The Chicago Sun-Times reported that the two met for dinner and a drink on April 15, 2016, where he “plied her with alcohol in an attempt to get her intoxicated.” The woman was enrolled in the professor’s class during the spring 2016 semester, according to the suit. The professor also tried to kiss the woman after dinner, but she turned away and said “no.” Later, on the drive back to campus, the professor invited her into his home. She agreed to enter his home and went to the bathroom. After exiting the bathroom, the student found the professor on where he convinced her to have sex with him, all according to the suit.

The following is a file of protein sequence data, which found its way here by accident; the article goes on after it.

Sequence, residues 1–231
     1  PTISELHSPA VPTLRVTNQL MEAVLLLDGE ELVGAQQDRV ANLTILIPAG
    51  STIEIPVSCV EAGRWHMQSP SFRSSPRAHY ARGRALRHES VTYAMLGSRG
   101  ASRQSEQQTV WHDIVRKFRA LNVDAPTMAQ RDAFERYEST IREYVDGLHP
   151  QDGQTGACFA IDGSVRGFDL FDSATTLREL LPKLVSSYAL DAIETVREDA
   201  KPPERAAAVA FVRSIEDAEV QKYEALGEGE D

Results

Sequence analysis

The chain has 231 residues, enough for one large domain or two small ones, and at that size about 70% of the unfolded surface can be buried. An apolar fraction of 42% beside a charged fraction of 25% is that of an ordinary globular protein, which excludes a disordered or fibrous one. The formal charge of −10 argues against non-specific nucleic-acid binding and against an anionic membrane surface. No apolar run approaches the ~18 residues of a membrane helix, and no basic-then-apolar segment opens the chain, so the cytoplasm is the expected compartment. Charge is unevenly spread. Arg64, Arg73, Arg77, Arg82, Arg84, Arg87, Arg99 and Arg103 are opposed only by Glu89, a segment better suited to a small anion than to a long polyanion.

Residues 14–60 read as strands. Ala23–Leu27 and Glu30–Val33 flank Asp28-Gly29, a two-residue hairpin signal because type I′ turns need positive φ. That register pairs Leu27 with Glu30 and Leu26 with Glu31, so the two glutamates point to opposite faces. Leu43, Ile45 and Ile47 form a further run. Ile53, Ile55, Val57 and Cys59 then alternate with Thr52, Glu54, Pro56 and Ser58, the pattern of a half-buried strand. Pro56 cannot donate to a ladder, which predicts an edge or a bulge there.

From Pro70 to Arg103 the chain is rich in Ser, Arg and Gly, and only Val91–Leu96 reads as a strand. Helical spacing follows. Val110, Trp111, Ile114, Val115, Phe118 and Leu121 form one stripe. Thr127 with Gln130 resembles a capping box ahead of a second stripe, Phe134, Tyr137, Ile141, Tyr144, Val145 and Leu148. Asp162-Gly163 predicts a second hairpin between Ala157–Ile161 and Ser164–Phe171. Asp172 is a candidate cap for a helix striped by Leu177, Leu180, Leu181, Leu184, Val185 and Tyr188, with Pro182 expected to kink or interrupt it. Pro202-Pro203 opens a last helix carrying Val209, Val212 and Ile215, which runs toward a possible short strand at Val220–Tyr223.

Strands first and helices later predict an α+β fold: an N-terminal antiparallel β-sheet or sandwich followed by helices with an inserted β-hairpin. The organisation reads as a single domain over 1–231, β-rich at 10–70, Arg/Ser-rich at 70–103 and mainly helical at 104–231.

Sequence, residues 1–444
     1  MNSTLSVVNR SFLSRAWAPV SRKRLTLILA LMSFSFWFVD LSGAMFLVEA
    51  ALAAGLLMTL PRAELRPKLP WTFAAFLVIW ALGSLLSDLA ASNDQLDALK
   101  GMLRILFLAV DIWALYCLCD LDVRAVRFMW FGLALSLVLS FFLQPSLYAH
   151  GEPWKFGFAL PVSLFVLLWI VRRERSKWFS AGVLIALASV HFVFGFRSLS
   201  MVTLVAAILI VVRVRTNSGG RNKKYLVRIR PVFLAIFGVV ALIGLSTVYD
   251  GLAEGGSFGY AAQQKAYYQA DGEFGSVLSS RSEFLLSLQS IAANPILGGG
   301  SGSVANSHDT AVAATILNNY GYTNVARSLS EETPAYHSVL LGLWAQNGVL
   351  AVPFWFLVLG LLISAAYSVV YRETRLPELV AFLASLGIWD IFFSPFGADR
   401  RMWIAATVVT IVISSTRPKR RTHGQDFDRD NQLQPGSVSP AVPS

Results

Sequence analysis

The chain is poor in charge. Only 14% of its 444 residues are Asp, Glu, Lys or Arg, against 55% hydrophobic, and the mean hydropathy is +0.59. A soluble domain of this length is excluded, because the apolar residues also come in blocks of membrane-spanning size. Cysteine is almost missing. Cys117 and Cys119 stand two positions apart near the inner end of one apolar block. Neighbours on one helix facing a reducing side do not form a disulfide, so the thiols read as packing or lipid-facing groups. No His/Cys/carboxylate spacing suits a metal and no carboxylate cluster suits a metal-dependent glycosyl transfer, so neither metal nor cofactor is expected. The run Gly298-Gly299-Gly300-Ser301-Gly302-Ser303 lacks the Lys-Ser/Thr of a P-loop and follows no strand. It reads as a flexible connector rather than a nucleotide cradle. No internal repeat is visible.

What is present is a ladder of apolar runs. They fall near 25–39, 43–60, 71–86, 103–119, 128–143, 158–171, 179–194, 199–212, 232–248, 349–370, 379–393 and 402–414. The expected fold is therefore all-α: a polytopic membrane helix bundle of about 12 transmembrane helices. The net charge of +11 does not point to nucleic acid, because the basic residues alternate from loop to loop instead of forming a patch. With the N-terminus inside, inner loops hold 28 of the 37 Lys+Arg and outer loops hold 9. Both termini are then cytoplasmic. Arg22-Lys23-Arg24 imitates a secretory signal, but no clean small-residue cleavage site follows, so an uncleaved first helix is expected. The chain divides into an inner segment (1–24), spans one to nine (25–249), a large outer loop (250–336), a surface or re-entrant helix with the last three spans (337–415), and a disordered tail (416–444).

On a second occasion, the instructor asked the woman to his on-campus office. The woman said she refused to have sex with him in his office. He then told her to “get on the floor and play with herself,” and the woman said she did, according to the suit.
The suit is also seeking damages under the Gender Violence Act along with negligence.
According to the suit, the woman has since suffered from post-traumatic stress disorder and depression after her interactions with the professor, and that his behavior and actions amount to battery.
The suit also said that the specific professor has been the subject of “many complaints for sexual harassment, unwanted touching of students of the University and obnoxious behavior.” According to the Sun-Times, the suit claims that the University “should have known (the instructor) had made sexual advances and inappropriately touched other female students” and that the University is perpetuating gender-based violence by allowing the professor to be alone with the woman.